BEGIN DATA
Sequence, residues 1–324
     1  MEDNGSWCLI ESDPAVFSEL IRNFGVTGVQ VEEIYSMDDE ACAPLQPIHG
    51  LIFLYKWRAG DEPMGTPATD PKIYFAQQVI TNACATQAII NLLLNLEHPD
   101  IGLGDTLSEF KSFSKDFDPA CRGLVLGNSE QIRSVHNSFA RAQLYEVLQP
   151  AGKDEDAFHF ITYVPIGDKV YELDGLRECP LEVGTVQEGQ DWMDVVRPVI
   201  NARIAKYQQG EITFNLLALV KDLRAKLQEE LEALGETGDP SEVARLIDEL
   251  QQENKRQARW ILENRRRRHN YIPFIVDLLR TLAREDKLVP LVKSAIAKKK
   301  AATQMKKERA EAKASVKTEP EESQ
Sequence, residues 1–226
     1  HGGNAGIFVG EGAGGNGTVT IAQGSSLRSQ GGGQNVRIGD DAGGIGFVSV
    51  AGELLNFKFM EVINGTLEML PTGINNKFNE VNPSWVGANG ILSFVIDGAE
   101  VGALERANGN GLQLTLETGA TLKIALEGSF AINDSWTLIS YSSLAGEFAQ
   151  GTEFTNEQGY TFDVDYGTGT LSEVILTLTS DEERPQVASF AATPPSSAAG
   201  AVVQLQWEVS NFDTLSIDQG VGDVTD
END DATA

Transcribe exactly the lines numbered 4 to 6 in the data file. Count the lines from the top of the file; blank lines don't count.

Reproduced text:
   101  IGLGDTLSEF KSFSKDFDPA CRGLVLGNSE QIRSVHNSFA RAQLYEVLQP
   151  AGKDEDAFHF ITYVPIGDKV YELDGLRECP LEVGTVQEGQ DWMDVVRPVI
   201  NARIAKYQQG EITFNLLALV KDLRAKLQEE LEALGETGDP SEVARLIDEL